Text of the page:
Estrogen Treatment Helps To Prevent Type 2 Diabetes

In a study of postmenopausal mice and human cells, researchers found that estrogen targets specific cells in the pancreas and the gut to increase tolerance to glucose, which is associated with a lower risk for type 2 diabetes.

Lead researcher Jacques Philippe, who is a diabetes specialist currently working at the University of Geneva’s Faculty of Medicine in Switzerland, and colleagues recently reported their results in the journal JCI Insight.

Previous research has suggested that after menopause, women may face a greater risk of type 2 diabetes. This has been attributed to hormonal changes, such as a reduction in estrogen levels. Following up from such studies, scientists have investigated whether or not estrogen replacement therapy could help to prevent type 2 diabetes among postmenopausal women, and many studies have produced positive results.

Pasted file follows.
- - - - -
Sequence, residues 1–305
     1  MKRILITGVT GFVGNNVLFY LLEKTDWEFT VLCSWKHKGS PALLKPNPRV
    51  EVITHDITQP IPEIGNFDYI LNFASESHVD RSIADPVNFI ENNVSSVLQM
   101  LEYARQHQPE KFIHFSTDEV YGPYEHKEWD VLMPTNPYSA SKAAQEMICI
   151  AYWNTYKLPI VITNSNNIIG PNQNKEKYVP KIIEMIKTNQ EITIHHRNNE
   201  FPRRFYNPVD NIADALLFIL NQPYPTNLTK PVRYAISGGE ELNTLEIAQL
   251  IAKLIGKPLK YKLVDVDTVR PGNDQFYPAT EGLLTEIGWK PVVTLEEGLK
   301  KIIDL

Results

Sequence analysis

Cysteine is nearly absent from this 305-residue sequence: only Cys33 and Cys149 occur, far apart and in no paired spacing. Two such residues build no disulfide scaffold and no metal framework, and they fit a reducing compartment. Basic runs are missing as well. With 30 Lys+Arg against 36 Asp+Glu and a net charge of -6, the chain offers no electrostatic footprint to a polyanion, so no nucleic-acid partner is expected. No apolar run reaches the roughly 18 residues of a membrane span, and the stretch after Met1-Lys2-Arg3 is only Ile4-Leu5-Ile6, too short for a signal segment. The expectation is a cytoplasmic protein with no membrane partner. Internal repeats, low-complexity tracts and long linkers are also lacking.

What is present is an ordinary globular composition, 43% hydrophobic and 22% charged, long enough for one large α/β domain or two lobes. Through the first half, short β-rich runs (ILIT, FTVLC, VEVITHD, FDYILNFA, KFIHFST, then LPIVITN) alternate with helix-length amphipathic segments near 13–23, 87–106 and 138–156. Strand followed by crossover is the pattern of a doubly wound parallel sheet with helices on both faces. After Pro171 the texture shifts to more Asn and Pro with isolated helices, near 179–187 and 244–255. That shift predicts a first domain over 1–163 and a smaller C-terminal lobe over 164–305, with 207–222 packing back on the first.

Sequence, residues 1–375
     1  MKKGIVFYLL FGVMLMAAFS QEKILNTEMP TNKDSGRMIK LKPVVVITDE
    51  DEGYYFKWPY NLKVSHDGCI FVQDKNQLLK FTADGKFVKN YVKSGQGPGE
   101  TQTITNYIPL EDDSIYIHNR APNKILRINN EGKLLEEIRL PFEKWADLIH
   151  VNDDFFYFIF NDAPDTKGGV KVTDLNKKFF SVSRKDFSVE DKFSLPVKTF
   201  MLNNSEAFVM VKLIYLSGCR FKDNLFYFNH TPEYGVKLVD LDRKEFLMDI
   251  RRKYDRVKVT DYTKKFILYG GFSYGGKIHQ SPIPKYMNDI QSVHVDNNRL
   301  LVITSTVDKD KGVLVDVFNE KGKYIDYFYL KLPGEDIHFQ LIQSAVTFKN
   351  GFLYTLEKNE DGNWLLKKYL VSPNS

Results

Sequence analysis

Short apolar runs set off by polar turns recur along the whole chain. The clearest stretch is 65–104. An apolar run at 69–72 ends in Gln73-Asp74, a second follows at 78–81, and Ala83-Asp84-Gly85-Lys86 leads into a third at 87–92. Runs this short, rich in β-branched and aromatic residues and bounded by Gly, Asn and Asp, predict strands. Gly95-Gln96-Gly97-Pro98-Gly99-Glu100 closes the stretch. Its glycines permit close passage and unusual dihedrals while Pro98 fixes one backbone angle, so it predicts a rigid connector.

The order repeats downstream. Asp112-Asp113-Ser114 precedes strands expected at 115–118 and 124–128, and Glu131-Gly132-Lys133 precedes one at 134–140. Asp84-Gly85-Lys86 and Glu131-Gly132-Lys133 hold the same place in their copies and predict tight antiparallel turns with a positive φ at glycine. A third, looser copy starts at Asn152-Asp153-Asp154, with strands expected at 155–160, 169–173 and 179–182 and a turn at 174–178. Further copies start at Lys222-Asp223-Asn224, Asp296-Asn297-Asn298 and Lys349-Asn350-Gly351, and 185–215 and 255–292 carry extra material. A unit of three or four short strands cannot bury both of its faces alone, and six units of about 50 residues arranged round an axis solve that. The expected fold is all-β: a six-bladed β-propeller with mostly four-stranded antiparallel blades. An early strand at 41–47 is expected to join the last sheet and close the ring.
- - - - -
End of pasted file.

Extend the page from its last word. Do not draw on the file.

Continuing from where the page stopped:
That being said, the exact mechanisms by which estrogen may protect against type 2 diabetes have been unclear — until now. While prior studies have focused on how estrogen affects the insulin-producing cells of the pancreas, this latest study also looked at how the hormone impacts cells that produce glucagon.

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